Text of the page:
Our church congregation has gone through a lot of losses: the deaths of loved ones; loss of health or mobility or strength; friends moving away or deciding to quit our fellowship for some other; and more. Lots of our friends have had losses too. Those losses cause pain, and the pain needs to be grieved. The biblical Job, for instance, needed to grieve (1:20) as does everyone who suffers any kind of loss. Even with the comfort of
the Holy Spirit, we will still feel the loss of human companionship, or of some other aspect of our lives. How can we deal with it? How can we accompany someone else who is on that journey of grieving? Let's look first of all at accompanying -- sitting with someone as he or she grieves.
Job's friends (Job 2:11-13) showed up to comfort and console him, and sat for seven days without saying anything. Of course, once Job started talking, they tried to find the cause of his problems, and the argument continued for quite awhile, with no real solution in sight. (Yes, there's much more to this book than that, but that observation is on the human-relationship level.) That brings us to our points on how to sit with someone who is grieving:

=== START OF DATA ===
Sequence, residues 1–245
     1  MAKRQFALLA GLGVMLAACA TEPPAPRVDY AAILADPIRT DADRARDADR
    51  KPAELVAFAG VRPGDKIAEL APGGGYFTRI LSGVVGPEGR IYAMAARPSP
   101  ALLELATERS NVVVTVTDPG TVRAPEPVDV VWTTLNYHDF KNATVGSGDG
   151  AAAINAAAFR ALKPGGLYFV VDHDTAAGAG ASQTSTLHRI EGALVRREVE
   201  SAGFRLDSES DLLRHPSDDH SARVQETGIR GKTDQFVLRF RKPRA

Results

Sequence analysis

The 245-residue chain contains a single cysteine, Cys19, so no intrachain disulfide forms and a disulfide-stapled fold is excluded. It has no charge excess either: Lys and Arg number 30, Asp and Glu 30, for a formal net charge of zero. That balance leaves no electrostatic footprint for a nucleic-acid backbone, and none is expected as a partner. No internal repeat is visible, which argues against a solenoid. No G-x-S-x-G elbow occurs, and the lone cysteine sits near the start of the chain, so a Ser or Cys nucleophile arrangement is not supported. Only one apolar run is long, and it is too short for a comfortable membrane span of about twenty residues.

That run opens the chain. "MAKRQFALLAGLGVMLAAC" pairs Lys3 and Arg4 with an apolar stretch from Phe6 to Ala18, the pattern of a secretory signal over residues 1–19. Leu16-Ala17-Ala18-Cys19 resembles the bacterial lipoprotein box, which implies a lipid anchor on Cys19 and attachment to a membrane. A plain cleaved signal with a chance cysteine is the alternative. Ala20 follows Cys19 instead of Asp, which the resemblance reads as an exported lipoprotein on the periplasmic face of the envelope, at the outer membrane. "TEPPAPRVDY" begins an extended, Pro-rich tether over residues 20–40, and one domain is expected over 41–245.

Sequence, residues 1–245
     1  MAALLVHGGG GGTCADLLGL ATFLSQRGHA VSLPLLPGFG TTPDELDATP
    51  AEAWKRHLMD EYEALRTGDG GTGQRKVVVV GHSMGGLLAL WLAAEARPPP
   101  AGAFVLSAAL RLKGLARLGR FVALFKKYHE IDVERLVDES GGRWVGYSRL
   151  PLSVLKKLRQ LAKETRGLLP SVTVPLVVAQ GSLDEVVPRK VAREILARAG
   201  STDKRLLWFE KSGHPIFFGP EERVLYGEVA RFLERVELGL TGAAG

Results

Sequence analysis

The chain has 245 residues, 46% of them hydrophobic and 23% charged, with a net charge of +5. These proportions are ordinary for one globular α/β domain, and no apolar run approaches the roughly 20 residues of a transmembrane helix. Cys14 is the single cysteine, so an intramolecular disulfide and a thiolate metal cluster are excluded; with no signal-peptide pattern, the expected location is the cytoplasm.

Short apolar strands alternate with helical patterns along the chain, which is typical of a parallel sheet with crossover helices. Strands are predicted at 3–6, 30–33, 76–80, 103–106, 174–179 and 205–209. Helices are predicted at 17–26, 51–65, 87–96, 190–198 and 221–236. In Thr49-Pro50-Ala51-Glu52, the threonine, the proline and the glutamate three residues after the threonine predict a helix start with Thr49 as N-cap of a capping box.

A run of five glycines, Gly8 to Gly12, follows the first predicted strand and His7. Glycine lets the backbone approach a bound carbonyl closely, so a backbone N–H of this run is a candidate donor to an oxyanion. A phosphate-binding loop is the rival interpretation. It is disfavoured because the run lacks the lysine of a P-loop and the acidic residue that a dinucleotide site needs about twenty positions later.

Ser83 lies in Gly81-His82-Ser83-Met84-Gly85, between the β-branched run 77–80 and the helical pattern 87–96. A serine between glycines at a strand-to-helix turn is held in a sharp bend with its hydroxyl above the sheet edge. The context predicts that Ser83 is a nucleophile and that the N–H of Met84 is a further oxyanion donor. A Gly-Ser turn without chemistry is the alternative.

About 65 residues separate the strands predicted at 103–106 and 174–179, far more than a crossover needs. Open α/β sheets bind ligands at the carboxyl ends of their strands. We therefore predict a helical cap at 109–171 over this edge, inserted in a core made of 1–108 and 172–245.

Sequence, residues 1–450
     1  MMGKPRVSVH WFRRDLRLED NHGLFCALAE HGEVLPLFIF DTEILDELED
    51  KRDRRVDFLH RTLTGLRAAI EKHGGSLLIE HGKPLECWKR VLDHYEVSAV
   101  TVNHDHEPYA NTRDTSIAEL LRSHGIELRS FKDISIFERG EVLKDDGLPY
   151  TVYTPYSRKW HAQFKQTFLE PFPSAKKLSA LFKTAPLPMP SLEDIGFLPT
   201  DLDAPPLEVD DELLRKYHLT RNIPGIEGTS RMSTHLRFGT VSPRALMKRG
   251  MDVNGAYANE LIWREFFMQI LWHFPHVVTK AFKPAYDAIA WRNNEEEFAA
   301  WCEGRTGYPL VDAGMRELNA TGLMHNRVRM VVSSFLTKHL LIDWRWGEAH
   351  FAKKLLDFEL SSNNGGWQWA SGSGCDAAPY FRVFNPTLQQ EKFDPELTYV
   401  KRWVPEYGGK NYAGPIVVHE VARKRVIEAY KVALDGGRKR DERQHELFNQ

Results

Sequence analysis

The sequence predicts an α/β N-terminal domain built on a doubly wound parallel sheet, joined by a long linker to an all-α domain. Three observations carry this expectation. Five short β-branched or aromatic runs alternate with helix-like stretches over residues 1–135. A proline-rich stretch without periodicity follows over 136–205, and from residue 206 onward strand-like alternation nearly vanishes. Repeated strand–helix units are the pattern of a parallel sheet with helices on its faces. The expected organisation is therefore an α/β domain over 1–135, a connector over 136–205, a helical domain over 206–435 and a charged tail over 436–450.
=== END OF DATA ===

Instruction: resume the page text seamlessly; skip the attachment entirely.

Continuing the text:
1. It's not about you, it's about the grieving person. You can't ease their suffering, only God can. You are there to accompany, or walk beside your grief-stricken brother or sister in Christ, humbly being the presence of Jesus to him or her.
2. Your job is to listen, not to give advice. So don't worry about coming up with something to say. Assume to start with, that anything you say will be taken the wrong way -- no matter how well you mean it. A better method of accompanying is to ask questions: "Is there something I can do to help?" "What would you like to talk about?" "Can I bring you something to eat, so you don't have to cook?" "Do you need any errands run, or something from a store?" or "Can you tell me something about your loved one?"
3. You may have to listen to a lot of stuff you don't particularly want to hear. You may even hear some of it more than once, as the grieving person goes over memories, regrets and worries. At that point, remember the first rule -- it's about the other person, not about you.
4. The grieving person will go through several stages of grief, not in any particular order, and sometimes more than one in a conversation. Don't worry about that, and especially don't try to tell the person "You shouldn't feel that way." This is the way people deal with grief, and they have to go through the process in order to completely grieve and heal the loss. If not, they never really resolve it and can be crippled from it. Remember the first rule! Your best gift is to continue to accompany the person through his or her grief, not correcting, not advising, just loving, listening and praying.
There's lots more, but these are the basics. We can serve a lot of different people -- not just from our church -- by acting as a comforter and companion in their time of loss.